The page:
almostwitty: (monkey)

So the BBC are finally airing the US edition(s) of Top Gear, and watching it is quite instructive about the perceived difference between our two nations.

On the plus side, it’s definitely got higher production values, and the image looks better – and it’s not as if the UK version was done on a shoestring. This could be down to better camerawork and a higher budget – or simply because the sun shines for longer in the US.

On the minus side, Major Exposition is at home here. The presenters seem to have an incessant need to explain EVERYTHING. Right down to The Stig – when the whole point of The Stig is that he isn’t explained, he’s just there. A mystery wrapped in a drivers’ uniform. Explaining that he’s an enigma somewhat undermines the whole point of him being an enigma. They have to explain what the Big Star, Small Car segment is all about. And when the big stars are racing around the track, they include a helpful diagram of where the star is on the track for … what good reason?

To be fair, I’m comparing a mature TV show against another show on its debut episode. And on the plus side, there seem to be far more Chinese/Asian people in the audience in the US version than the UK one… Oh, and the Stig is animated in the US version. Which is kinda cool.

Mirrored from almost witty.

almostwitty: (Default)
Ob. disclaimer - these views are mine alone, and nobody else's

I happened to be in a doctors' waiting room when Sky News excitedly flashed that they had footage of the Real Stig. People actually looked up to see some handsome chap walk away from the High Court. Then they said "Ben who?", and went back to their business.

Obviously, I'm not Ben Collins - or Stig 3.0 for that matter - but I'm perplexed as to how many people would want to buy The Stig's Autobiography, now we know it's a racing driver who nobody's really heard of. I can understand he wants to make some money out of being "The Stig" - but surely the money's in staying gainfully employed by the BBC and BBC Worldwide to walk around in a racing helmet, as opposed to 10 seconds of brief public exposure before he realises that nobody really cares who The Stig is. The fun is in the facade.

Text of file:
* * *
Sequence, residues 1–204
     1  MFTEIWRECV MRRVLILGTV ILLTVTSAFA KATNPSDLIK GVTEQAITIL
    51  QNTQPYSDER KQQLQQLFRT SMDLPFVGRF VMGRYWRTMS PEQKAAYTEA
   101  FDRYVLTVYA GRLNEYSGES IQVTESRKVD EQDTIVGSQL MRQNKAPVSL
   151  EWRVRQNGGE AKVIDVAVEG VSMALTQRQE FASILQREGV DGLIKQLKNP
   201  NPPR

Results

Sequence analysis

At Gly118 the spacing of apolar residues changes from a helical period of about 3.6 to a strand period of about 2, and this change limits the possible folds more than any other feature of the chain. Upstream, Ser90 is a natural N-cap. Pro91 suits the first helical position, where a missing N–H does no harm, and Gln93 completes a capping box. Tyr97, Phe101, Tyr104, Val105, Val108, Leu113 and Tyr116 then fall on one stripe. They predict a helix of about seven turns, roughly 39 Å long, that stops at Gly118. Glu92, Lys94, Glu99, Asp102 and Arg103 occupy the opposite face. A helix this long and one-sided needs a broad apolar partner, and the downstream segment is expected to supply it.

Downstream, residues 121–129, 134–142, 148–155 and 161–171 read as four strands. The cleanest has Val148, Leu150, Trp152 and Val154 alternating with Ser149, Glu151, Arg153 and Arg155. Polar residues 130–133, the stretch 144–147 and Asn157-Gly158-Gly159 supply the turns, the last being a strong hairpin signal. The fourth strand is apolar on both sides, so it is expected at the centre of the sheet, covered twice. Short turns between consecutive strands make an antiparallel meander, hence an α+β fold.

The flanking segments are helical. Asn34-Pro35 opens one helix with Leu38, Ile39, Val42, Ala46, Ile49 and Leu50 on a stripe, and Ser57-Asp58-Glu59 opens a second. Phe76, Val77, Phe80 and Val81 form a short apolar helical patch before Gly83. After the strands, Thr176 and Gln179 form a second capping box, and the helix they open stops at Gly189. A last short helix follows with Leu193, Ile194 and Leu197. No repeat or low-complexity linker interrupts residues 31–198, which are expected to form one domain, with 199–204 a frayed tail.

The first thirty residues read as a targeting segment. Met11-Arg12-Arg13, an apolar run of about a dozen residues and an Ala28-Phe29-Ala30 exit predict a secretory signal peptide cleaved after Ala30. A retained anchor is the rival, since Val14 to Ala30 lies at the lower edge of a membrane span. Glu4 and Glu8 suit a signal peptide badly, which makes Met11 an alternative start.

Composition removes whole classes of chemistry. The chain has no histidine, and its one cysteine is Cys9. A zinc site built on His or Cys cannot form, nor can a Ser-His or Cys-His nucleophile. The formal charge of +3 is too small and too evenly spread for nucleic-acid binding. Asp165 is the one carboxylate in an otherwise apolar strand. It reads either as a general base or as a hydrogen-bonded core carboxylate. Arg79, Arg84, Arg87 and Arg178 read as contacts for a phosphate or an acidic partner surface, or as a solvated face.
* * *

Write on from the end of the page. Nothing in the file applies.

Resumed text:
almostwitty: (Default)

People carriers. They’re for married couples who have been overactive with their loins, and suddenly find themselves in charge of four screaming mini-me’s who they don’t really like, and so decide to keep them out of the house as much as humanly possible by keeping them active in endless football / karate / ballet lessons, which involve using up what’s left of the Earth’s oil resources to ferry them around, so that by the time the kids are old enough to inherit a planet choking in carbon emissions and rising sea levels, at least they’ll know how to dance to Swan Lake. Although they’ll have never seen a swan.

To avert this terrible fate for people carriers everywhere, my ex-uni mate Di (who is usually seen generally cooking up amazingly silly ideas – she could be a Kari Byron for the Birmingham edition of Mythbusters) has turned a people carrier into a mobile disco, which is a much more sensible use of such a car. Watch the video, and then go and vote for her idea.

Maybe I’ve been watching too much Top Gear…

Mirrored from almost witty.

almostwitty: (Default)

People carriers. They’re for married couples who have been overactive with their loins, and suddenly find themselves in charge of four screaming mini-me’s who they don’t really like, and so decide to keep them out of the house as much as humanly possible by keeping them active in endless football / karate / ballet lessons, which involve using up what’s left of the Earth’s oil resources to ferry them around, so that by the time the kids are old enough to inherit a planet choking in carbon emissions and rising sea levels, at least they’ll know how to dance to Swan Lake. Although they’ll have never seen a swan.